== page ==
Finalist for Net Zero Architect of the Year Award 2023, HLM Architects guides us through the specification challenges present at the National Manufacturing Institute Scotland
The judges for last year’s AYAs were impressed with HLM Architects’ body of work, as the practice was named a finalist for three awards including Net Zero Architect of the Year (in partnership with UKGBC).
In this series, we take a look at one of the team’s entry projects and ask the firm’s associate and project architect, Adam McAvoy, to break down some of the biggest specification challenges that needed to be overcome.
What were the biggest specification challenges on the project?
The aim of the National Manufacturing Institute Scotland (NMIS) was to create a beacon for regeneration — prominent, instantly recognisable but also undoubtedly Scottish in its character.
The vibrant purple exterior was chosen from several elevation studies and is reflective of the Scottish Highlands heather. Combined with the visible glulam cross-laminated timber diagrid frame, it gives a unique structural identity to the building.
The purple cladding panels were developed with a local supplier and various iterations of the panel layout were developed with the specialist to ensure that there was no wastage from the raw sheet material and optimum dimensions were achieved.
The large glazed gable, described as a ‘window to the world’ addresses Netherton Square and provides visibility into the Digital Factory on arrival showcasing the work ongoing and creating an inviting environment.
What were the key requirements of the client’s brief? How did you meet these both through design and specification?
In essence, this NMIS is about creating an open and collaborative environment where knowledge and creativity can be shared. Located at the heart of the new Advanced Manufacturing Innovation District Scotland (AMIDS), the building is to act as a catalyst for future development attracting world leading companies and institutions involved at the cutting edge of advanced manufacturing.
Collaboration and innovation are at the heart of the NMIS brief, described by four principal elements:
- The Digital Factory 2050 (DF2050) – Industry-led centre for collaborative manufacturing research, technology and solution development.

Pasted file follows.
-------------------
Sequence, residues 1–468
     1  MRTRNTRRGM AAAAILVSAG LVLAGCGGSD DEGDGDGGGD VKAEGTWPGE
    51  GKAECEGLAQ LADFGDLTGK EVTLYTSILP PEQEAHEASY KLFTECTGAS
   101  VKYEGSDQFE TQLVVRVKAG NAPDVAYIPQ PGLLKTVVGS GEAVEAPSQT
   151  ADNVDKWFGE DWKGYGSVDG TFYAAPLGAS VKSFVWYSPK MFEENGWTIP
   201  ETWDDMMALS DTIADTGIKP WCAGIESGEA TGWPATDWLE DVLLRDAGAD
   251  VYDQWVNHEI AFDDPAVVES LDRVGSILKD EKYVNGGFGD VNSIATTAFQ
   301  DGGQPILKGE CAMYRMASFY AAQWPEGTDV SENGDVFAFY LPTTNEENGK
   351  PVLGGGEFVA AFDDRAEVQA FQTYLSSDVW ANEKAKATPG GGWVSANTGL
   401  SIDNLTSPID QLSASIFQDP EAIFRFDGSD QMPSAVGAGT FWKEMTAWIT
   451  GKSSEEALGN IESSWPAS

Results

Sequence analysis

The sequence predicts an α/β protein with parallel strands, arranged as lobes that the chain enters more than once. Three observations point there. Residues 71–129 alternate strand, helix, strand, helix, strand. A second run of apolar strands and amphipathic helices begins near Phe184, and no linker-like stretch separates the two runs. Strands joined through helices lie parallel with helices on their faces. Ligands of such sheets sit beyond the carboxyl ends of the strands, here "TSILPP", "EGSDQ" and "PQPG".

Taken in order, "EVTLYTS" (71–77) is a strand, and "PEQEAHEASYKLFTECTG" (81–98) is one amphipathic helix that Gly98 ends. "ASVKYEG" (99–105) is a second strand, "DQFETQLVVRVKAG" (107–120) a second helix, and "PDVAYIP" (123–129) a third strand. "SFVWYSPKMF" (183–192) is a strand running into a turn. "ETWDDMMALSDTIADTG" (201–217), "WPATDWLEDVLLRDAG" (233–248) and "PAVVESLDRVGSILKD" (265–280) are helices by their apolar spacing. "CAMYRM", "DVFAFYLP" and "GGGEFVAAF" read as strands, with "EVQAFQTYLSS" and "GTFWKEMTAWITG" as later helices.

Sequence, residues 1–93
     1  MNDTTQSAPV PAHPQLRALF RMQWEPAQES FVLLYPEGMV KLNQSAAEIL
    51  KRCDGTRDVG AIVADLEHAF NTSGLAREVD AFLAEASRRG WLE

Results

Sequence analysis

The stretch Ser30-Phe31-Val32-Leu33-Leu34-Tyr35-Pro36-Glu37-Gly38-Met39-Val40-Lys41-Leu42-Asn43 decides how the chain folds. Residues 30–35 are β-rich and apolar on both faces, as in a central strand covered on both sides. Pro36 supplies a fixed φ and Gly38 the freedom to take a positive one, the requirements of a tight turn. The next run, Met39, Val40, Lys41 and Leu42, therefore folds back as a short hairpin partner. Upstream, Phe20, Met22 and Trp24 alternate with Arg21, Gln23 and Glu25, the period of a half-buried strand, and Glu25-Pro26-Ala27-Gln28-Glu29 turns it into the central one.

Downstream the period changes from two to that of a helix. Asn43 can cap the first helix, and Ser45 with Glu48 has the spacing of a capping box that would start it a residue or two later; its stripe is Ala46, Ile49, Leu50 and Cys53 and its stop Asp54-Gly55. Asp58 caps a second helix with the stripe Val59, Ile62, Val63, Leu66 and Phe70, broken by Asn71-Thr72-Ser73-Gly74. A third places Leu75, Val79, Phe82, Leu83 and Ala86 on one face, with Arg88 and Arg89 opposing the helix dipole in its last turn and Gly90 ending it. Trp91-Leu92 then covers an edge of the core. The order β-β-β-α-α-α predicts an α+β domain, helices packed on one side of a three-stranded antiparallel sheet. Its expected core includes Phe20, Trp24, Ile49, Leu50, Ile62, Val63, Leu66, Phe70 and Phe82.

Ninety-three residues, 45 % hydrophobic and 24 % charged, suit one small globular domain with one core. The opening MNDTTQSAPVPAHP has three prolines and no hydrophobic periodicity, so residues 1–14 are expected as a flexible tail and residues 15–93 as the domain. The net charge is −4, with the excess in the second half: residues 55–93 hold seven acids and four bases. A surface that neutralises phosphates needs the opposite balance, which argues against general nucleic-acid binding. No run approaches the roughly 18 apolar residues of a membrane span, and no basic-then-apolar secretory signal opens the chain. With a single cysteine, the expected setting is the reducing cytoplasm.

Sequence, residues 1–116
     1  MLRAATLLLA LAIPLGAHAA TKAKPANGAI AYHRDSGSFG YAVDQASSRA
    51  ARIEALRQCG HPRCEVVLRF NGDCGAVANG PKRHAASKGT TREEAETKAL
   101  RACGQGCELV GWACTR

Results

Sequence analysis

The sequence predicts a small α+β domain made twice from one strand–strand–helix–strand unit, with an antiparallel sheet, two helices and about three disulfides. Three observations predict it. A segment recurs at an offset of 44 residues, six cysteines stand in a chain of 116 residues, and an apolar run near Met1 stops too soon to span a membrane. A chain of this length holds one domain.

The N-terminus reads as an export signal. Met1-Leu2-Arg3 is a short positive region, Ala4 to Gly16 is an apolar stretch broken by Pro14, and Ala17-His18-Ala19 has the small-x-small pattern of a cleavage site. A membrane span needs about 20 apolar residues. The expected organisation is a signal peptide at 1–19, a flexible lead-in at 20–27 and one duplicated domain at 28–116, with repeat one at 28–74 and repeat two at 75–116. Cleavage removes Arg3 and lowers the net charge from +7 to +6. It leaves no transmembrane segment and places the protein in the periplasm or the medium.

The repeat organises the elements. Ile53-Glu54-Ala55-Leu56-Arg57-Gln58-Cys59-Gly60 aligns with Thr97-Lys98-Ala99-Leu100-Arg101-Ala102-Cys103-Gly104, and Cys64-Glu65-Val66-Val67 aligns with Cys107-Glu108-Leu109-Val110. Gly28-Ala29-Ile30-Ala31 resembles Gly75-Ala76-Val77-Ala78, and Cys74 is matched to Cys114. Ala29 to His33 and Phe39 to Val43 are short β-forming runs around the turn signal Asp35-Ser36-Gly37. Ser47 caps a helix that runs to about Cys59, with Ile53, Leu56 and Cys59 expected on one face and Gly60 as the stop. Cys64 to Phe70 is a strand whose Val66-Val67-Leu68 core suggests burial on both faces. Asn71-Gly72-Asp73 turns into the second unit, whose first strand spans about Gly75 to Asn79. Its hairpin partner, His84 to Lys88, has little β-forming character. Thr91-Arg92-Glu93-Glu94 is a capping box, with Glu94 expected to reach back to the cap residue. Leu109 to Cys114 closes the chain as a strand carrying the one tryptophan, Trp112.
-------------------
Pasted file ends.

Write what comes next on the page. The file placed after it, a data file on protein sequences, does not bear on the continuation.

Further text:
- The Innovation Collaboratory (IC) – Industry-led centre for manufacturing technology application and process development.
- The Manufacturing Skills Academy (MSA) – Scotland’s hub for manufacturing skills and education linking to existing and future providers.
- The “Forum” – NMIS interface with the wider AMIDS site plus access to on-site financial advice, business support and links to external organisations such as schools, Zero Waste Scotland, Scottish Institute for Re-Manufacture and the One Scotland Partners.
The design was informed by Stakeholder Consultation at all stages to understand the particular requirements of the many users involved with the facility. Several design drivers were identified during the early stages of the project which outlined an overall approach and ambition for the project:
- Engagement with the public, industry and university – presenting a striking image to the approaching world,
- Masterplan Response – ambition around creating a globally significant location where national and international companies will cluster and prosper through collaboration,
- Flexibility – a zoned, legible plan and a repetitive building module which allows simple expansion to realise future demands whether it be new, bigger or better equipment, more staff, a bigger building,
- Adaptability in servicing – service yard, access and plant locations are paramount to the success of the facility, the site layout allows sufficient flexibility for future expansion without significant disruption to logistics, parking and day to day operation,
- Engineering expression and innovation – form and aesthetic derived from traditional industrial manufacturing structures, combined with innovative technology and engineering innovation,
- High quality healthy workplace – exemplifies the best in healthy building design and sustainability, fossil fuel free.
What are the three biggest specification considerations on the project type? How did these specifically apply to your project?